EU powers extended

A recent judgement at the European Court of Justice represents judicial coup d'etat against democratic national governments and the citizens that elect them, writes Anthony Coughlan

THE POWER of the EU over our lives was dramatically extended by a recent judgement of the European Court of Justice (ECJ) in Luxembourg. It has receieved remarkably little public attention in either Ireland or Britain.

The EU court ruled recently that the EU had the right to create pan-European criminal offences for breaches of EU law, which member states would have to implement even if they were opposed to such criminal sanctions. This EU court judgement opens the door to the creation of a body of supranational EU criminal law for the first time. This had been proposed in the EU constitution which the French and Dutch rejected last summer, but the EU court now brings it into being anyway. It signals a further major shift of power from national capitals to the EU.

For the first time in legal history this judgement permits the EU rather than its member states to lay down sanctions such as prison sentences and fines for citizens violating EU laws. As aconsequence member states lose their exclusive power to decide what constitutes a crime and when their citizens may be fined, imprisoned or given criminal records. Member states are thereby deprived of one of the classical prerogatives of independent sovereign states.

"This is a watershed decision,"said Commission president Manuel Barroso, in greeting the Luxembourg court judgement. The Commission lost no time in jumping in with a document last November listing seven areas which it said should become EU crimes immediately: private sector corruption, credit card and cheque fraud, counterfeiting euro notes and coins, money laundering, people trafficking, computer crime and marine pollution.

It suggested that possible future EU crimes could be corruption in awarding public contracts, racial discrimination and incitement, intellectual property theft and trafficking in human organs and tissues.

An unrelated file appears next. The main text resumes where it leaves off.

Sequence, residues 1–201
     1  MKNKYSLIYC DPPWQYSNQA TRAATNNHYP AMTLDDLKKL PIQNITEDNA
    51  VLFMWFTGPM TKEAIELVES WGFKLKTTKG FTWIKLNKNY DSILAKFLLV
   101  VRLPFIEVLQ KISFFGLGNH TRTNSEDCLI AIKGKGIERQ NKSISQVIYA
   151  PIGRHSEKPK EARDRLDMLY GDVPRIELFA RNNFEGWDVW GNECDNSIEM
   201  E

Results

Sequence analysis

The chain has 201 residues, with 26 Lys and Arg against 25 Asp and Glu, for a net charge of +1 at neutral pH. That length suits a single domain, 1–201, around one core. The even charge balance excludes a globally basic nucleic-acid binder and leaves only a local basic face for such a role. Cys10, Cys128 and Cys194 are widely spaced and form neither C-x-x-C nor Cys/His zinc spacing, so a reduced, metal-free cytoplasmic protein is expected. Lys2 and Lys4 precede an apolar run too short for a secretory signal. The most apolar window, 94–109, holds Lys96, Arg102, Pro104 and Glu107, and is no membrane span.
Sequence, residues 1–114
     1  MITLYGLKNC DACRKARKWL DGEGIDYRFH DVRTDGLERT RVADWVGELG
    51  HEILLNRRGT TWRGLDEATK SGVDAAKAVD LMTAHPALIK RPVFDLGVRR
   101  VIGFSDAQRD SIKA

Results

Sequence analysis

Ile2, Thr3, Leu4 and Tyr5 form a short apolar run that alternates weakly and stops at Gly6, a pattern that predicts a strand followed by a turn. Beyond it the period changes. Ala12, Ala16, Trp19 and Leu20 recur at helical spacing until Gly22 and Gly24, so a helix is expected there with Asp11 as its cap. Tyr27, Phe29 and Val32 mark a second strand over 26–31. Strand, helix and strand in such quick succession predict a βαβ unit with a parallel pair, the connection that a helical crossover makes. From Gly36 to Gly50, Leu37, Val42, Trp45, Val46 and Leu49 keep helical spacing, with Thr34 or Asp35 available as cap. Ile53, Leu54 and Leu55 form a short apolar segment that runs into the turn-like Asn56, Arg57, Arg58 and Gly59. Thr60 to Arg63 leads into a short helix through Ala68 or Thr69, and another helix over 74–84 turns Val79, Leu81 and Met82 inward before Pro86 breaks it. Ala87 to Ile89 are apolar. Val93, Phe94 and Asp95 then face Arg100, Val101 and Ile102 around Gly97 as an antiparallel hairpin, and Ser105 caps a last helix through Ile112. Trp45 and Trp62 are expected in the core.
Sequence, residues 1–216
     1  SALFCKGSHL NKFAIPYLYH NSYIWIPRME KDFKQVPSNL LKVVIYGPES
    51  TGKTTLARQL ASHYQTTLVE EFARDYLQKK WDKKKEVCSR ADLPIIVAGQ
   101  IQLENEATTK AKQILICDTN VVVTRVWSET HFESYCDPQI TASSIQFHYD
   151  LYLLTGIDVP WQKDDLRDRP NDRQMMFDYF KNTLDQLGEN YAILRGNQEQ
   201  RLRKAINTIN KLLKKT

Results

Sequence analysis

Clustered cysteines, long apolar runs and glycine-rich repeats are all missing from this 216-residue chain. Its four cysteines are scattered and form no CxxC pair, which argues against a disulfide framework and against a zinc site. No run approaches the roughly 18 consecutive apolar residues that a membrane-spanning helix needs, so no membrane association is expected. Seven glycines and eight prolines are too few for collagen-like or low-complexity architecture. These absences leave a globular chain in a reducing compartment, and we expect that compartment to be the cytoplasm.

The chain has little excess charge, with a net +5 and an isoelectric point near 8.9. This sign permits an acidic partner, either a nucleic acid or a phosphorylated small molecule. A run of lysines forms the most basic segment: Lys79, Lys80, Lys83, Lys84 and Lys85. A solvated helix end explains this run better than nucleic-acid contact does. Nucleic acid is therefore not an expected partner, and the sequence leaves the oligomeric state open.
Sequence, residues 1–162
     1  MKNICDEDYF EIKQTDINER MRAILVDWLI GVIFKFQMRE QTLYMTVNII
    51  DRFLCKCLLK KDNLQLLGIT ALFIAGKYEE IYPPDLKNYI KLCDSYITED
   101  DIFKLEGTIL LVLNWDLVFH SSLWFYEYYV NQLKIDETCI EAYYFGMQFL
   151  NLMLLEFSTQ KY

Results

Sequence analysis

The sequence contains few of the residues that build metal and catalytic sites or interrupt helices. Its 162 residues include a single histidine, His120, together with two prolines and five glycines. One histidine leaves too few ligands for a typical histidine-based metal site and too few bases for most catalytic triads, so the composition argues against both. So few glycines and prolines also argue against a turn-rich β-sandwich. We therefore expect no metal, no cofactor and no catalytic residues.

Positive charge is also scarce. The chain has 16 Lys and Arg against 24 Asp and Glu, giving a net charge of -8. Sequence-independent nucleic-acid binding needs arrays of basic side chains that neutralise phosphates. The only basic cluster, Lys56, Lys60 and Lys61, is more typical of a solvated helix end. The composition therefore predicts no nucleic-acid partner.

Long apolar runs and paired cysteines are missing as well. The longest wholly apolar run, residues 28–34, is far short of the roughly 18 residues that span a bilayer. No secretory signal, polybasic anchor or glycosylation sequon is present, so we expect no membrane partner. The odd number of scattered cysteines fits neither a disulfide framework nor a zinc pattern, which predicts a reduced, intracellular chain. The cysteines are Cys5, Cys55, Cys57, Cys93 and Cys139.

Legal commentators have suggested that financial services, consumer protection law, health and safety rules for factories and offices, the CAP, fisheries policy, transport and trademarks could become further fields of application for EU crimes and penalties in time and require significant harmonisation of national criminal codes in these areas.

At present it is up to member states to decide whether to use criminal sanctions to enforce EU laws or not and what those sanctions should be. Thus Ireland decides that if fishermen violate EU fisheries laws they can be fined, have nets confiscated and so on. The ECJ judgement permits the EU to decide what will be EU crimes in future, and how Irish and other citizens should be punished for committing them.

It is truly remarkable that 50 years after the Treaty of Rome the Court of Justice should claim such a power for the EU. Although the court judgement related to environmental matters, it means that the EU can in principle attach supranational criminal penalties henceforth to breaches of EU law going back to the original Treaty of Rome, so long as the Commission proposes and the Council of Ministers agrees by majority vote that cross-EUcriminal penalties are necessary and should apply.

Henceforth a member state that opposes a breach of a particular EU law being made into a crime, or opposes the level of EU penalty attached, will still have to introduce it if a sufficient number of other EU states vote for it. In principle the new legal position would allow the EU to compel the Irish or British governments to jail or fine their citizens for doing things that the Dail or House of Commons did not consider a crime. Commission officials are reported as saying that in future they will draft tests to decide if offences against EU laws are civil, administrative or criminal.

In this way 25 non-elected EU judges, together with the 25 non-elected EU commissioners, have increased their power over all of us in what amounts to a judicial coup d'etat against democratic national governments and the citizens that elect them.

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This document was last modified by David Granville on 2006-04-07 12:15:33.
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